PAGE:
Extreme weather has led to more frequent flooding. Our article published from p27 in Servamus: January 2022 look at which emergency services are involved during such disasters and give tips to stay safe.
Large parts of South Africa have suffered a severe drought for more than 6 years. Our article published from p30 in Servamus: January 2022 look at the impact of droughts on our lives; diseases during droughts and provide tips to save water.
Do you know what to do in case of a hazmat incident or vehicle crash? We provide valuable tips on what to do in such cases in our article published from p37 in Servamus: January 2022.
By Adv John I Welch
In Servamus: December 2021, I discussed how the killing or injuring of a human being may be justified in terms of our common law. The Criminal Procedure Act 51 of 1977 (the CPA) provides for the only other justification. The use of force, albeit justifiable, is a serious matter, but the taking of a life, even when you thought it should be taken, is even more serious.
By Annalise Kempen
For many South Africans the word “disaster” became a reality in March 2020 when the President of the country, Mr Cyril Ramaphosa addressed the nation in the first of many “family meetings” to follow when he announced the country’s first lockdown. Seldom before had we paid attention to the Disaster Management Act and regulations as “disasters” were, in our minds, typically limited to areas that had been hit by a wildfire, drought or floods. When Mr Ramaphosa informed us that the coronavirus had been declared a national disaster, we all realised that this word was no longer only applicable during natural disasters - it became part of our daily lives. In fact, at the time of going to print at the beginning of December 2021, South Africa had already passed its 600th day in lockdown under the national state of disaster. Yet, disasters have been with us for much longer than the coronavirus and their impact in certain communities have been worse than this virus.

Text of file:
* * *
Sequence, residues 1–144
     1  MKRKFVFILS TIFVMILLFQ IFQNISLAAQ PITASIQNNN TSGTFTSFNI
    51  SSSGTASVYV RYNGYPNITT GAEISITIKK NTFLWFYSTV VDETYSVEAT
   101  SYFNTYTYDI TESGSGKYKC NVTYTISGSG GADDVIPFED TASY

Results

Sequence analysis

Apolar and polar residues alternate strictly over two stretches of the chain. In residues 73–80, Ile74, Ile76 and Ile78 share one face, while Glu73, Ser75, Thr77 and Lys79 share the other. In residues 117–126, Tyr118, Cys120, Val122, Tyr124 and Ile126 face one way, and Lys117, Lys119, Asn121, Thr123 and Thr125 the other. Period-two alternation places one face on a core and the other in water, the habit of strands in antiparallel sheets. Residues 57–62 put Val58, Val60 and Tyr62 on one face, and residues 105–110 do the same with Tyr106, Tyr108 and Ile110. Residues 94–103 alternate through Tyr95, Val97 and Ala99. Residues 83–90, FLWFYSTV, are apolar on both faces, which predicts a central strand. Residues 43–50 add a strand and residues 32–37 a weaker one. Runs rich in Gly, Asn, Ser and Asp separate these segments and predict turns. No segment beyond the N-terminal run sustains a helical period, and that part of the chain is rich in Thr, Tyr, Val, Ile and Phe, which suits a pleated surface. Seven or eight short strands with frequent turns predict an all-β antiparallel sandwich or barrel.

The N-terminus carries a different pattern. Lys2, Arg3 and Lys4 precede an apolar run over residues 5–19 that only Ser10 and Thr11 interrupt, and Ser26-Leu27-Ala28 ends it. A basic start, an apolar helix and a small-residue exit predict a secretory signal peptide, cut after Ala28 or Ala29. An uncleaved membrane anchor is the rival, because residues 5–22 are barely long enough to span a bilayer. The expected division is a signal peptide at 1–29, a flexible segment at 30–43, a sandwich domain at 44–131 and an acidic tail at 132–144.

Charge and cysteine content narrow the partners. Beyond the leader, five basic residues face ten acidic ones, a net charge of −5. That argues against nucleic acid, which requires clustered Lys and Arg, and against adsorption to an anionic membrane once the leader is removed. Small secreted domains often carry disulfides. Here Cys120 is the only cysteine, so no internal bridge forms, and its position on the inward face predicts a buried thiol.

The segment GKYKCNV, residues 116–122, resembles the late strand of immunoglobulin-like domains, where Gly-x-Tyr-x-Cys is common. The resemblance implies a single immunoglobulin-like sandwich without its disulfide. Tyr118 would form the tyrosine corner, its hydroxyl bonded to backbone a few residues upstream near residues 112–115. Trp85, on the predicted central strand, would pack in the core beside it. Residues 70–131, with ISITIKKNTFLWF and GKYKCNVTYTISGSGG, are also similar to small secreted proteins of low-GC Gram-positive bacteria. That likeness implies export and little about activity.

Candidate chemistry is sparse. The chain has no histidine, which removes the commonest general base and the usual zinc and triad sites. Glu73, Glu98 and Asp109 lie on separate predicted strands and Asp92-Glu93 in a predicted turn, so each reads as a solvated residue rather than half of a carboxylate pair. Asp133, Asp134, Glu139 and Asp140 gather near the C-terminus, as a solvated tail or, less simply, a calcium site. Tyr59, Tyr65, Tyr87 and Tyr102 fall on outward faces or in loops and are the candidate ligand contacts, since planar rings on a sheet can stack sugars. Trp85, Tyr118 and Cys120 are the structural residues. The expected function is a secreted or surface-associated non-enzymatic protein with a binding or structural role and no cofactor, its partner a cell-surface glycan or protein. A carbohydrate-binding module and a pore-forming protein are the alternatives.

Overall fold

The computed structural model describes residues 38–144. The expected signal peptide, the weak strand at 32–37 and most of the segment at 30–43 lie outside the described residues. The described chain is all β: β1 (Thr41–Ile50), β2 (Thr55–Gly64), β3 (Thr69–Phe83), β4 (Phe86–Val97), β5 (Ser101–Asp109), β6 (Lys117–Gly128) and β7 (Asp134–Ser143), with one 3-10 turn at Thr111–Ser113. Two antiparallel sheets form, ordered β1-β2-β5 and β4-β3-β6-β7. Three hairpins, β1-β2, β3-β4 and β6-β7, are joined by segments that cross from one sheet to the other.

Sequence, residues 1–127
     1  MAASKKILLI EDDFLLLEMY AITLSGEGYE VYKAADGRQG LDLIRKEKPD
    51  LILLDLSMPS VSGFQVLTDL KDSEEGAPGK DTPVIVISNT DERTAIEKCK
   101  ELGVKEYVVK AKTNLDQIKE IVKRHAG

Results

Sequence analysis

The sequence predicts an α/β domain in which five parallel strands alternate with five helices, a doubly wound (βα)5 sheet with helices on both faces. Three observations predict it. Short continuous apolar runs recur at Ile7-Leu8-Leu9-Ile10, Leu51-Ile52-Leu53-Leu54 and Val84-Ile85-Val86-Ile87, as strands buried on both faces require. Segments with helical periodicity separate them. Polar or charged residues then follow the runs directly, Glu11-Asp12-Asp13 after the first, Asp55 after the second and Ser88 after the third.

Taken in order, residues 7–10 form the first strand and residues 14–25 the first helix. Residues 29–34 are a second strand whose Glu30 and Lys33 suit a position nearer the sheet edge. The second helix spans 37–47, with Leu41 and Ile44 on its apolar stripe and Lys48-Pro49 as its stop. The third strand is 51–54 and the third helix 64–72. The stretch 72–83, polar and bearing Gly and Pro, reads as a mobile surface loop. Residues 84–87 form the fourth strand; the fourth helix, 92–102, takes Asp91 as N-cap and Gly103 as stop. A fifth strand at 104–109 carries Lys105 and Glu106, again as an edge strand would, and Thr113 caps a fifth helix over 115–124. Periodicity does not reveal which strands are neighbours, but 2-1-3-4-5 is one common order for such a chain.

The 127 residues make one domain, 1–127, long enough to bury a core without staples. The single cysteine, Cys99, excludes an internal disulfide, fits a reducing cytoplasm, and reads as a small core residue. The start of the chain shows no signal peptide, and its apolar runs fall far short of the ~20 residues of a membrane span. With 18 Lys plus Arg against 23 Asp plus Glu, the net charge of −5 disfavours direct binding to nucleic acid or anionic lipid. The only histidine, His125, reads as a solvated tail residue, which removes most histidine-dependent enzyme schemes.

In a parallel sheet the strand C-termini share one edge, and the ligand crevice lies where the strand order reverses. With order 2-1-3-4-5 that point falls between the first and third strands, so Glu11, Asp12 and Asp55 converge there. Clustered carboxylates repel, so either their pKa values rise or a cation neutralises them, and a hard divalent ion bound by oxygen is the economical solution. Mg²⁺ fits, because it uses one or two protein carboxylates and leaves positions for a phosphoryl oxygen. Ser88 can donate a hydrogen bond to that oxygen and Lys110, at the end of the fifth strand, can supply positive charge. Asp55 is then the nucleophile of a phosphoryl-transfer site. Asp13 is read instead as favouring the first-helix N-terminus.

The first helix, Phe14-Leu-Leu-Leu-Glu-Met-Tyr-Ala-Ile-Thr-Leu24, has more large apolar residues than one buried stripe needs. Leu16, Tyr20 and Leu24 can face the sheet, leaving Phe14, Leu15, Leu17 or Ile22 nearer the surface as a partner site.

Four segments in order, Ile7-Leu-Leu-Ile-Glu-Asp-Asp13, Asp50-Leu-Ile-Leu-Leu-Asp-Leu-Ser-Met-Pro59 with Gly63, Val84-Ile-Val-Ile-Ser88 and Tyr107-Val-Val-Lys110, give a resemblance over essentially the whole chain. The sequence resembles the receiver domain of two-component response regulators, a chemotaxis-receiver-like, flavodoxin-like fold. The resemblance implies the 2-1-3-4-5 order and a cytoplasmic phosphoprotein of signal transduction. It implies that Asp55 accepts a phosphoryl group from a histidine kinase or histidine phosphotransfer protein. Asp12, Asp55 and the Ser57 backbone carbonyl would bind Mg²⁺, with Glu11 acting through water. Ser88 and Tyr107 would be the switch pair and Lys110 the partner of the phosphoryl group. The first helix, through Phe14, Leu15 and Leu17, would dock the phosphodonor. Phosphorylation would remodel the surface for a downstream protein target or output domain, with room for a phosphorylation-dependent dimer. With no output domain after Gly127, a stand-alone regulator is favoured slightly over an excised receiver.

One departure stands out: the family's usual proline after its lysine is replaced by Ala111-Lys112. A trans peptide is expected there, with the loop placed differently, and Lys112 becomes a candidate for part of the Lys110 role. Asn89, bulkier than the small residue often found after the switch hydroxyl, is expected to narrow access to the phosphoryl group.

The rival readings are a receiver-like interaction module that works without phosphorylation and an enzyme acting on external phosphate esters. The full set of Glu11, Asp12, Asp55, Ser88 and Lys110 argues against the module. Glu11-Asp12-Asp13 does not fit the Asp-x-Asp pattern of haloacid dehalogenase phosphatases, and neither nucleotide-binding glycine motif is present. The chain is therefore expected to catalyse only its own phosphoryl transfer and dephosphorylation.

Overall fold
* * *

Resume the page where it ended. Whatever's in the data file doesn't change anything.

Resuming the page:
By Kotie Geldenhuys
Natural disasters, such as earthquakes, fires, floods and hurricanes are damaging events that change the lives of people within no time. When disasters strike, communities are pulled together to look for ways to support one another and protect what remains.
But there are exceptions - the few people in disaster areas who turn to antisocial activities, including resorting to crime. They engage in looting, sexual assaults, acts of domestic violence and fraud, to name a few crimes.
By Annalise Kempen
Each year during the dry season, which for the largest part of the country is the winter months, authorities warn us about our behaviour about making fire. We have often heard how a braai fire or a fire that was meant to keep people warm, resulted in the loss of property or sadly, even lives. Unfortunately, South Africa has also experienced massive wildfires which did not only affect a few households at a time but entire towns, communities or regions to such an extent that they were declared disasters.